Activists, politicians, and journalists are pointing the finger at Donald Trump as the cause of the global overflow of supremacist hate. The gunmen in the El Paso, Poway, and Christchurch shootings, which targeted Hispanics, Jews, and Muslims respectively, all left manifestos making their connection to Trump’s charged rhetoric crystal clear.

Trump assuredly enflames the hatred of racists. But the re-emergence of racial hate in this millennium has its roots in the words and actions of a different president – George W. Bush.

Nine days after Americans watched in horror video replays of packed 737s slamming into the sides of the twin towers, and the pancake collapse of the massive structures, Bush addressed Americans and asked, “Why do they hate us?” His absurdly inaccurate answer, “They hate our freedoms,” paved the way for the invasions of Afghanistan and Iraq. Now Americans were watching “shock and awe” on TV and processing their trauma with feelings of retaliation.

Hate speech directed at Muslims became common. Evangelical figureheads led the way. In his paper, New Boundaries—Evangelicals and Islam after 9/11, Richard Cimino points out that, “Throughout 2002 and early 2003, evangelical Protestant leaders had shown themselves to be among the most caustic critics of Islam in the U.S. In separate instances and within a few months, evangelist Franklin Graham called Islam a ‘very wicked and evil religion’. In a similar manner, Southern Baptist leader Jerry Vines created headlines by preaching that Mohammed was a ‘demon-possessed pedophile.’”

On the streets, some Americans processed their trauma with rage and violence. The FBI has tabulated data on hate crimes against Muslims ever since. In the throes of deep trauma, without realizing what we had done, America had uncorked a magic lamp and summoned forth the evil genie of racial hatred.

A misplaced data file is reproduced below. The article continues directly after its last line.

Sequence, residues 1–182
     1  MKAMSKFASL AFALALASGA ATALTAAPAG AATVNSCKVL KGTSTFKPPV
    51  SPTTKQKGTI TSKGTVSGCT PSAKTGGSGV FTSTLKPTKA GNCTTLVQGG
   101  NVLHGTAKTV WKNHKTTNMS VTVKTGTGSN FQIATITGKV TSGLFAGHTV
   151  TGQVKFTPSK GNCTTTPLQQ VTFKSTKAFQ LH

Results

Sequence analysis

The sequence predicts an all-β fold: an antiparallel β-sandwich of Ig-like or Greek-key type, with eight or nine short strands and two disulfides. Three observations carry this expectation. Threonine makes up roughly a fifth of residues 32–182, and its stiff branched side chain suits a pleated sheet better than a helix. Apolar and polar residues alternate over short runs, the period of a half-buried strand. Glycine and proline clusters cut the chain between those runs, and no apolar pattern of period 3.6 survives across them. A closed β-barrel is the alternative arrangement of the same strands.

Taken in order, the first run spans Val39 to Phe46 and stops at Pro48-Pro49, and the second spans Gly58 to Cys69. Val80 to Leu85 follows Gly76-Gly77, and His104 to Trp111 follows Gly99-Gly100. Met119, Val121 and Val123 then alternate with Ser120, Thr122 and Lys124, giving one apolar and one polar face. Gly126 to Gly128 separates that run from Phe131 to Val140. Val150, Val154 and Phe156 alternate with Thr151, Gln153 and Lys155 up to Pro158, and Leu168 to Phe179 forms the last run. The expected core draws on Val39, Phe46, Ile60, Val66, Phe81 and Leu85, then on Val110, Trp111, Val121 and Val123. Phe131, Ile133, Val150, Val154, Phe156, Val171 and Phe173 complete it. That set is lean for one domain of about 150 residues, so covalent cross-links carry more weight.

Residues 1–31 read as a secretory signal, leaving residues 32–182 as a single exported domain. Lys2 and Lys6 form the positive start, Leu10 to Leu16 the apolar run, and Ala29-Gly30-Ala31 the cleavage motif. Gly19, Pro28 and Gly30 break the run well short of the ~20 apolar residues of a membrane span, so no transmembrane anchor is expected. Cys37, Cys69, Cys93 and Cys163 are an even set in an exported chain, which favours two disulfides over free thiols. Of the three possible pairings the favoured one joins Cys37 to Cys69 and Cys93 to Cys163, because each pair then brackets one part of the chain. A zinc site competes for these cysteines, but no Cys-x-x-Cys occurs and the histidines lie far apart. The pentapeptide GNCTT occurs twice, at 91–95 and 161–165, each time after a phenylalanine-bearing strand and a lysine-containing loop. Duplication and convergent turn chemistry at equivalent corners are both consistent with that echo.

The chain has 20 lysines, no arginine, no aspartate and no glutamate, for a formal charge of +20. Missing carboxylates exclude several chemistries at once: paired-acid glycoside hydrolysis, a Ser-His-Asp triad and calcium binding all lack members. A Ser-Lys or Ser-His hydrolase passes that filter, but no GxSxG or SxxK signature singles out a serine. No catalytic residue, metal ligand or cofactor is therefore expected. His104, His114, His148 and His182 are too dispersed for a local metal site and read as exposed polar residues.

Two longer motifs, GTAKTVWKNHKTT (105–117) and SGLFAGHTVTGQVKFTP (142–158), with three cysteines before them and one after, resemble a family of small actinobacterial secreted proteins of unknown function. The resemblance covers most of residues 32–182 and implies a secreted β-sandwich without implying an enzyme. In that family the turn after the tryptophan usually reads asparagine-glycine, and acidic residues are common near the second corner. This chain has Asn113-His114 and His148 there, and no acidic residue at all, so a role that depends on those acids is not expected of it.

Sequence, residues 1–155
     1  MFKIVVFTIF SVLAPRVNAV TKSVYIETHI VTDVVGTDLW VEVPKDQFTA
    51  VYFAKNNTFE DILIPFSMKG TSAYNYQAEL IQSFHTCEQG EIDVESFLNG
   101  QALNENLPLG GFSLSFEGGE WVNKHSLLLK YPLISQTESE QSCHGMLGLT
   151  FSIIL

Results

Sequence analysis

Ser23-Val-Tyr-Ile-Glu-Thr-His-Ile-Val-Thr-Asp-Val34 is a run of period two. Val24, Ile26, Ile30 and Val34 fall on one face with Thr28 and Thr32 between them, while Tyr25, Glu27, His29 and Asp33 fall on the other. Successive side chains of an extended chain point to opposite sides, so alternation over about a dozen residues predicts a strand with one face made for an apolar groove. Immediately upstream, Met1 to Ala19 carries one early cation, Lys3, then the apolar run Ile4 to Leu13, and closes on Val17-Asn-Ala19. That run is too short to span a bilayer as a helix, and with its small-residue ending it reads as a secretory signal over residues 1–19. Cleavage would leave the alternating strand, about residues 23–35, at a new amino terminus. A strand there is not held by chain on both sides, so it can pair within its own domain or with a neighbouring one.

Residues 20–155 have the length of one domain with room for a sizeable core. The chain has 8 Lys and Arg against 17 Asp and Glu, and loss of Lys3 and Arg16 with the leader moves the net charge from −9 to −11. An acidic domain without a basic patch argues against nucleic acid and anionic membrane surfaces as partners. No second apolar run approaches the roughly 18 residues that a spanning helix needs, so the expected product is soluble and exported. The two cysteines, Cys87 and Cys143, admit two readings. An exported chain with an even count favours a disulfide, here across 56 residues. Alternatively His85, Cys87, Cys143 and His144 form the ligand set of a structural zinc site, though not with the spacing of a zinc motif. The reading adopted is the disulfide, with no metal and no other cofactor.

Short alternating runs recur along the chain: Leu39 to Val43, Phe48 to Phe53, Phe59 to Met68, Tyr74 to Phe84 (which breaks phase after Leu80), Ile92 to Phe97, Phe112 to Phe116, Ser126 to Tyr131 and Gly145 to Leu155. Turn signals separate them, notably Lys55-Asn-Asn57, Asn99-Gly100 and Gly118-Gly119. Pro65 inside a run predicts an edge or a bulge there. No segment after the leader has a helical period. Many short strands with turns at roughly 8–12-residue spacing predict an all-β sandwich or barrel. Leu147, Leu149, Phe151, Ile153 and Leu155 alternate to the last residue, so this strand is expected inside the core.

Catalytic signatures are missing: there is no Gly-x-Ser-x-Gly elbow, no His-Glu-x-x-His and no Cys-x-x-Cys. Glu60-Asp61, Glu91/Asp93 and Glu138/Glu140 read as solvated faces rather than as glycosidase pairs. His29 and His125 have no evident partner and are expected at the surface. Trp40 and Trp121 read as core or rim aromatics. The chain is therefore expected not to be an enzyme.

For the decades since the civil rights movement, the genie had only seen the inside of his lamp. Prior to 9/11, public hate speech was considered scandalous and racism was confined to smoky back rooms and secret meetings. One slip-up and a politician’s career could be over.

But now, with respect to Muslims, there was a new standard. It was definitely OK for politicians, religious figureheads, supremacist leaders – and the general public – to speak openly about their hatred for Muslims.

The evil genie was released. He was summoned to direct his dark energy towards Muslims. But soon he began turning his head, first this way, then that. His gaze fell upon Jews, African-Americans, immigrants, refugees, and asylum seekers, even upon those at nonbinary places on the sexuality spectrum.

With Trump and other politicians fanning the flames, hate speech and hate crimes now encompass any and every group not considered part of the “family” of supremacists – culminating in virtual acts of war targeting specific ethnicities or religions considered “enemies” of America.

How do we get the genie back into his lamp? Having found the roots of today’s hate in America’s response to the trauma of 9/11, I propose that we start there. Processing trauma is complex and requires great courage on the part of the victim. But as with most psychological issues, awareness is where the process begins. Next, I recommend we access resources to help process our trauma. In the last two decades, pioneers such as Peter Levine have done substantial work in this arena. Levine’s Somatic Experiencing Trauma Institute is a great resource for learning more about healing from trauma.

Thirdly, Americans need to recognize that our trauma is being exploited for political gain in the form of Islamophobia. Stay tuned for a future blog post on this subject, but for now suffice it to say that hundreds of millions are being spent on creating and disseminating misinformation about Muslims to keep American voters mired in fear and not voting on the real issues. I wrote my book, Why Do They Hate Us? Making Peace with the Muslim World, to counter the misinformation with truth about Islam’s peace-loving mainstream.

Finally, where possible, non-Muslim Americans should reach out to their Muslim neighbors in friendship. It takes a little extra effort to socialize across cultural boundaries, but in these times, surely we can all see that it’s essential. Hate crimes against Muslims spike during the election cycle. Your Muslim neighbor or coworker would deeply appreciate your invitation to coffee or lunch.

By addressing the recent wave of racism and hate at its source, our 9/11 trauma and fear of Muslims, I am convinced that we can command the genie to return to his lamp, and many groups marginalized by hate will benefit.

For peace, shalom, and salaam,

Steve Slocum

The Top 10 Things I Thought I KnewAbout Islam, But Was Wrong

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